The acronym HCG stands for human chorionic gonadotropin, a hormone women's bodies normally produce to support the development of ovarian eggs and to stimulate the release of the egg during ovulation. As a prescription drug, HCG helps treat infertility, stimulates ovulation, increases sperm count in men and is used to treat undescended testicles in young boys. HCG is also used to combat obesity, but this treatment is highly controversial.
In 1927, two research scientists, Selmer Aschheim and Bernhard Zondek developed the A-Z test. This test identified the presence of HCG in urine, by injecting a woman's urine into an immature rat or mouse. If the woman was pregnant, the HCG in the urine caused the immature animal to go into heat. Urine from a non-pregnant woman contained no HCG, and the animal had no reaction. During this time, scientists discovered that HCG was produced by testicular tumors as well. In 1958, the gonadotropin hormones were extracted from human pituitary glands, and by 1972, scientists were isolating and studying its structure. Their increased knowledge of HCG ultimately led to modern pregnancy tests, as well as screening instruments for patients with HCG-secreting tumors.
HCG is composed of two different subunits: an alpha subunit and a beta subunit. The two subunits are made separately, but in the same way, in the cell. Three pituitary hormones--luteinizing hormone or LH, follicle stimulating hormone or FSH and thyroid stimulating hormone or TSH--closely resemble HCG in structure. Their alpha subunits are nearly identical to each other. Their beta subunits differ and account for their unique immunological and biological activities.
HCG supplements are given orally, or as an injection under the skin or into a muscle. Injections are usually given by a doctor or nurse specifically trained in administration of injections. Oral HCG comes as a sublingual liquid to be held under your tongue for a specified period of time, or as a pill. Because of the additional requirements for syringes, HCG injections are usually more costly than liquid or pill forms.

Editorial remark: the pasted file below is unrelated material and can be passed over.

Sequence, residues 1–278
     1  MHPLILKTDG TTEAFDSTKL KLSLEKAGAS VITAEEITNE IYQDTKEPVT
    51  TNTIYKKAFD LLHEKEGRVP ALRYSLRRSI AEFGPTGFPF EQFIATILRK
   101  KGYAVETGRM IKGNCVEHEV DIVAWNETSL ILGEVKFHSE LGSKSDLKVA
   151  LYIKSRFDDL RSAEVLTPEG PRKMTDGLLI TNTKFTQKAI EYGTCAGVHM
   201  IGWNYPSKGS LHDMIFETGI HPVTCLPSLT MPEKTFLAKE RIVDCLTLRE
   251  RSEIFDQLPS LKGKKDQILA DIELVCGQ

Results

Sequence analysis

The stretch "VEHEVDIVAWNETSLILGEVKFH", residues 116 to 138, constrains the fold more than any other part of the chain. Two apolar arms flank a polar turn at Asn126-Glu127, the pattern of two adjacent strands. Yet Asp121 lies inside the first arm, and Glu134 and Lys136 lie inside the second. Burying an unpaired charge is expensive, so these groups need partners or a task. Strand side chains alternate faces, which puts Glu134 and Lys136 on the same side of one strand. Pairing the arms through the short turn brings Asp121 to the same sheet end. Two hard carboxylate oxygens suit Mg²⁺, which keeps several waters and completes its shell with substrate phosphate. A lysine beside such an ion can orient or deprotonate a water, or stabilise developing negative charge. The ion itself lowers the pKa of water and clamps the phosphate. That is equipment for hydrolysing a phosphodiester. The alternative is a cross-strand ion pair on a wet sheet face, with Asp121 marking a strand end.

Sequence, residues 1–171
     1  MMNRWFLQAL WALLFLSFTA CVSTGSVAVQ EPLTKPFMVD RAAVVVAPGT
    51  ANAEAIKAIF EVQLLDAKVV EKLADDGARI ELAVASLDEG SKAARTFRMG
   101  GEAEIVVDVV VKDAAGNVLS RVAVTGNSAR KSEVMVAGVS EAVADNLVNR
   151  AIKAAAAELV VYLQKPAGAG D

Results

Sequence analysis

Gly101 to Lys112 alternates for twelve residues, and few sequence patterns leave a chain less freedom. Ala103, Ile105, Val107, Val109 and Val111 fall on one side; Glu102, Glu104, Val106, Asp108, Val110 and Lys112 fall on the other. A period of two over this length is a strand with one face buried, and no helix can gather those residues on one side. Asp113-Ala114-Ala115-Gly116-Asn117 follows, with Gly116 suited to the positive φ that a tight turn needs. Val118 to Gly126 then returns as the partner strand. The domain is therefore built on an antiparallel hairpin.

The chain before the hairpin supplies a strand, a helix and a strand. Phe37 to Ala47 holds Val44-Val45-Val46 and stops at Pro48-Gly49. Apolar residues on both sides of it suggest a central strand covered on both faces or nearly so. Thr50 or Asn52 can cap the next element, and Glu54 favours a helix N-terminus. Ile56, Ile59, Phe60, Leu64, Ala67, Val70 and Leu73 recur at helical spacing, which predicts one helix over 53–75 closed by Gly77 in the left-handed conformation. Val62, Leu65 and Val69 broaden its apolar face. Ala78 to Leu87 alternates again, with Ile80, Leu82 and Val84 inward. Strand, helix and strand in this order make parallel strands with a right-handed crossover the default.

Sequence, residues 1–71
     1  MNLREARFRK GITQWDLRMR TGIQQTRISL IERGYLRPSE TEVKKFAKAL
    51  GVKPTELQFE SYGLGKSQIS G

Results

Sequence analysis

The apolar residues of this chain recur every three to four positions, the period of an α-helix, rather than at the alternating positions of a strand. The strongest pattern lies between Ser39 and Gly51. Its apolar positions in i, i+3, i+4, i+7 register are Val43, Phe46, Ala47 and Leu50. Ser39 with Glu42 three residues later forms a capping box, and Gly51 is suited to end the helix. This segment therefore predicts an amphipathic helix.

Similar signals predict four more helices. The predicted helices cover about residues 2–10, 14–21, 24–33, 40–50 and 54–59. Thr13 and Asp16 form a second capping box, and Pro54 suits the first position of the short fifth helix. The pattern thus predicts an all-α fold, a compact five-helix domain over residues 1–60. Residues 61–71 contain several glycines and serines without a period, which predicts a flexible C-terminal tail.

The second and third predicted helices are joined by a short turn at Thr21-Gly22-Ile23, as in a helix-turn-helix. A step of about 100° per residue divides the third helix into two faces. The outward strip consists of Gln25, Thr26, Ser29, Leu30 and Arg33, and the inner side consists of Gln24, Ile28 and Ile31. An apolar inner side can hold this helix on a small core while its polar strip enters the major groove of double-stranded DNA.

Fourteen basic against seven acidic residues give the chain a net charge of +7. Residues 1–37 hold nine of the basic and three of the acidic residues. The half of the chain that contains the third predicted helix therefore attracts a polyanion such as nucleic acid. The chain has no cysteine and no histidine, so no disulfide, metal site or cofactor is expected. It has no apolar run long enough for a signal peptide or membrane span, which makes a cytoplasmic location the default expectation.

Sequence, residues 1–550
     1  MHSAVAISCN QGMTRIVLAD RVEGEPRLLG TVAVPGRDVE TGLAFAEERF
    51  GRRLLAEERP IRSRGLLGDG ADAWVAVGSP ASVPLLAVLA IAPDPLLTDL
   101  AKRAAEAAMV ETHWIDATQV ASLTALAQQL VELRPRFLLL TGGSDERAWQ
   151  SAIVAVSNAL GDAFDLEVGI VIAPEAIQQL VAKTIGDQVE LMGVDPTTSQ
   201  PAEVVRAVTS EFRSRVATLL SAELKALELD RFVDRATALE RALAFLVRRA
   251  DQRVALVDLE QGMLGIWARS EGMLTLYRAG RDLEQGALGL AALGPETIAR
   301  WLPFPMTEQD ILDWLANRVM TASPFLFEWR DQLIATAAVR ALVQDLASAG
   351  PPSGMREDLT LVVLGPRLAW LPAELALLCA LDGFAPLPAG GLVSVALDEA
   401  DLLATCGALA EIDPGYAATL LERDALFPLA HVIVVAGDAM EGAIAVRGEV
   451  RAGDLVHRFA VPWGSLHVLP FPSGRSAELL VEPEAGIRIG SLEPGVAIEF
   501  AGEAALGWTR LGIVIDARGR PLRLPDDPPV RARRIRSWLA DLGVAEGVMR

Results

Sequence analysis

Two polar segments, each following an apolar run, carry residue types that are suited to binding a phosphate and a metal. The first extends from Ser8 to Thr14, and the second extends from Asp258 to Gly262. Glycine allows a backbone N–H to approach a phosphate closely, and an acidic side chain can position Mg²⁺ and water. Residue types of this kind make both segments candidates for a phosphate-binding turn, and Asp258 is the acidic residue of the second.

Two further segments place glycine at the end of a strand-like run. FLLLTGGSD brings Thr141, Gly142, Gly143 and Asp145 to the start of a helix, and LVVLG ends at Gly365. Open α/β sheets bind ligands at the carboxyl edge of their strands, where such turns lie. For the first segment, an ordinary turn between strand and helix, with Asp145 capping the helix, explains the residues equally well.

Side effects of HCG supplementation may include severe headaches; restlessness or irritability; mild swelling or water weight gain; depression; breast tenderness and swelling; blood clots; pain; warmth; redness; numbness or tingling in arms or legs; confusion; and extreme dizziness. If HCG has been injected, irritation or infection at the injection site can also occur.
HCG is in the Food and Drug Administration's pregnancy category X. Although it can help women become pregnant, women who are already pregnant should not use HCG as it can cause birth defects. Because HCG stimulates release of the egg from the ovary, HCG users are also at increased risk for multiple babies.
Although rare, in some women, HCG supplementation can cause ovarian hyper-stimulation syndrome or OHSS. Symptoms of OHSS include swelling of the hands or legs; stomach pain and swelling; shortness of breath; weight gain; diarrhea; nausea or vomiting; and urinating less than normal. If you are on HCG, call your doctor immediately if you experience any of these symptoms, as they can be life-threatening.
HCG may also cause early puberty in young boys, which would be noted by a deepened voice, pubic hair growth, increased acne and increased sweating.
HCG should not be used if you are already experiencing early puberty; or have a hormone-related cancer, such as breast, ovary, uterus, prostate, hypothalamus or pituitary gland cancer. These conditions may be exacerbated by HCG supplementation. If you have a thyroid or adrenal gland disorder, an ovarian cyst, undiagnosed uterine bleeding, heart disease, kidney disease, epilepsy, migraines, or asthma, HCG use must be carefully monitored.